BOTTOM LINE: 5 Rules for Major Gift Success in 2021

Again, the key to success is knowing what works right now. Focusing here will help you be more successful than ever – happily bringing many major gifts into your organization! 

 

As always, it is a pleasure to share our weekly news and insights with you and we hope you will join us next Thursday at our free webinar.

If you want to build and expand your major and principal gifts programs in 2021, keep an eye on your inbox. Applications will open soon for our 2021 Major Gifts Intensive.

Wishing you a prosperous and positive 2021!

With a new year comes a hopeful new outlook.  We’re all glad to see 2020 go.

What a year it has been: we suffered through a terrible pandemic, disruption of our lives, families, workplaces, a volatile political climate, and much more. What’s worse, these issues are not over. They will continue impacting our lives – and fundraising – well into 2021.

Yet there are some silver linings.

We saw immense dedication and dogged commitment on the part of nonprofit leaders and fundraisers. And, we saw creative fundraisers take advantage of new opportunities offered by the virtual environment.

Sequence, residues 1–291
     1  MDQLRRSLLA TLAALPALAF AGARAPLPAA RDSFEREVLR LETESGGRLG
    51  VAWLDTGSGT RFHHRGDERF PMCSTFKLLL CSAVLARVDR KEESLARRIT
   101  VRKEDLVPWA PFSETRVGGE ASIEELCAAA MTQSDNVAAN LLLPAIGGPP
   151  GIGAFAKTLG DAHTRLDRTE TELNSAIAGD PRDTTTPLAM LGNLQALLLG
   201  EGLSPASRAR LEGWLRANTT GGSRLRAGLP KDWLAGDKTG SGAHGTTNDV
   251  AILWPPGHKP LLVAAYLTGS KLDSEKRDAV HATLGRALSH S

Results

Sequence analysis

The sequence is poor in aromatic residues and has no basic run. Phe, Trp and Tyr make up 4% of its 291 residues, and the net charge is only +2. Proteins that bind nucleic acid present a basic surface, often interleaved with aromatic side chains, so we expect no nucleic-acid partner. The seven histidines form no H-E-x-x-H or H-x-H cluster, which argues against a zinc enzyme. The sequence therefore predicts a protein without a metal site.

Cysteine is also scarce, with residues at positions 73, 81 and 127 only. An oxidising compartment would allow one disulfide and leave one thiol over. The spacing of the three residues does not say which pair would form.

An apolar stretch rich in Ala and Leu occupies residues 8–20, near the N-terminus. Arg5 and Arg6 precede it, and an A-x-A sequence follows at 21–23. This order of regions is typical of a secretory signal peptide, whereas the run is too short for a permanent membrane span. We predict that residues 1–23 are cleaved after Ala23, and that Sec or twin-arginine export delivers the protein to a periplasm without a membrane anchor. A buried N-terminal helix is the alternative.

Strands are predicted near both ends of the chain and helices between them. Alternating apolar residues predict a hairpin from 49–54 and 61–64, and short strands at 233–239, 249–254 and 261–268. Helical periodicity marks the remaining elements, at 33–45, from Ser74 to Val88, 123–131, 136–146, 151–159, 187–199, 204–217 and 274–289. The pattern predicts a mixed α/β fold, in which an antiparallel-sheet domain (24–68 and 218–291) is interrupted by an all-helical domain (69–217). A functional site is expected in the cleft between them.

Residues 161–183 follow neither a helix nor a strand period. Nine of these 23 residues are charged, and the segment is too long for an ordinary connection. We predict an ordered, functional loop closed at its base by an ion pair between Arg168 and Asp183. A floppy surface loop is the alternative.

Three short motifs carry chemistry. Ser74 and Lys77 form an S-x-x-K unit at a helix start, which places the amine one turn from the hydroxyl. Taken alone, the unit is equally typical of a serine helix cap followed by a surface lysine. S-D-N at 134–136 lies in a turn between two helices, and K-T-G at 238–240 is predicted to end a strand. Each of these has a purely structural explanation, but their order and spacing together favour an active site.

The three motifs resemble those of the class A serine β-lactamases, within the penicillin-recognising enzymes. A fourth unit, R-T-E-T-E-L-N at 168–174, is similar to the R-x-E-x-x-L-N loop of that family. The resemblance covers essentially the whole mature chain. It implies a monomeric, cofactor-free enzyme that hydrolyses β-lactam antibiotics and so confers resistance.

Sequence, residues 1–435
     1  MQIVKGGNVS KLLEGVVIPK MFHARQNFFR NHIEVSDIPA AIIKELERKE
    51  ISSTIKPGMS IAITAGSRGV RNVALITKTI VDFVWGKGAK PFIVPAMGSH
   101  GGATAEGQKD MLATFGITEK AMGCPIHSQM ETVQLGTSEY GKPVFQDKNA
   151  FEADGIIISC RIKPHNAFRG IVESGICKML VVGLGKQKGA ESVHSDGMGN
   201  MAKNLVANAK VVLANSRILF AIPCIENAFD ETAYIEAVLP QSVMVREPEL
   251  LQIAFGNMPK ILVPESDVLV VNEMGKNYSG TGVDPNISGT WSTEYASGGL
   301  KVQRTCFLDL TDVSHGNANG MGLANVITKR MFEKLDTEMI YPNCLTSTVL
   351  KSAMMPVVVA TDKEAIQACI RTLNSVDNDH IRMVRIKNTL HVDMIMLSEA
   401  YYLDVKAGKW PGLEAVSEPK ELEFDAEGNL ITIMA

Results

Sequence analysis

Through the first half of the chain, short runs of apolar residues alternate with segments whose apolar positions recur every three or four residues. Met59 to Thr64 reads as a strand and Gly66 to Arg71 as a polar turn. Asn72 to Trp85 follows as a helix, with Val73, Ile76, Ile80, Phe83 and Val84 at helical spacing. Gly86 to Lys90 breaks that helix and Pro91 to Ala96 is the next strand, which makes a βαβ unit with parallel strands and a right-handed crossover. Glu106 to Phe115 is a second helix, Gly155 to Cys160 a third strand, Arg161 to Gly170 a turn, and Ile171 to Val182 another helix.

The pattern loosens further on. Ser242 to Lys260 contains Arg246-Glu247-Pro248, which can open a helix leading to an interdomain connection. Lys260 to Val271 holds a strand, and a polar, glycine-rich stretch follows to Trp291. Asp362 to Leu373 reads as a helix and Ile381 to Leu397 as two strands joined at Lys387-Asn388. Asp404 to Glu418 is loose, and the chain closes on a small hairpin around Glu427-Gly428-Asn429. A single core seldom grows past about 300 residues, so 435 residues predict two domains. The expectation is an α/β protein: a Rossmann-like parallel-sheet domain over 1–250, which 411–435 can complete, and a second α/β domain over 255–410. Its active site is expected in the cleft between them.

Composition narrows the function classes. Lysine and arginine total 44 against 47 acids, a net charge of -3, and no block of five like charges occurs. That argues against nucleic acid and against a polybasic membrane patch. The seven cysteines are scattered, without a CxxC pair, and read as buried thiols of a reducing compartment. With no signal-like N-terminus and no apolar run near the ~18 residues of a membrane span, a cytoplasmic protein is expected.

Based on What’s Happened in 2020, Here’s our Forecast for Upcoming Fundraising Trends for 2021:

1. Giving is up.  And all signs are that it will remain up.

Many nonprofits experienced critical revenue shortfalls from reduced service fees, ticket sales, and admissions. As a result, donors responded with record amounts of charitable donations.

2020 saw a surge in the entire scale of giving – from small gifts to major donors to new estate commitments. More people than ever were giving and at greater amounts than usual.

The Fundraising Effectiveness Project of AFP found that the first 9 months of 2020 saw an impressive increase of 7.6% over 2019.

Big institutional funders and foundations also stepped up to increase giving in 2020. Through September, Fidelity Charitable grant volume increased 30% over the same time period in 2019.

In 2021, we expect that donors will continue to be interested, open to nonprofit messages, and willing to help.

2. Donor fatigue is a myth.

Asks were everywhere, and donors gave.

The successful organizations laid their cases for support out plainly. In addition, they explained their financial situations clearly. Even more, they pulled appropriate emotional triggers – and donors responded.

Again and again and again, donors responded.

Even with the vast amount of political fundraising going on all year, donors continued contributing to their favorite nonprofits – and new ones too.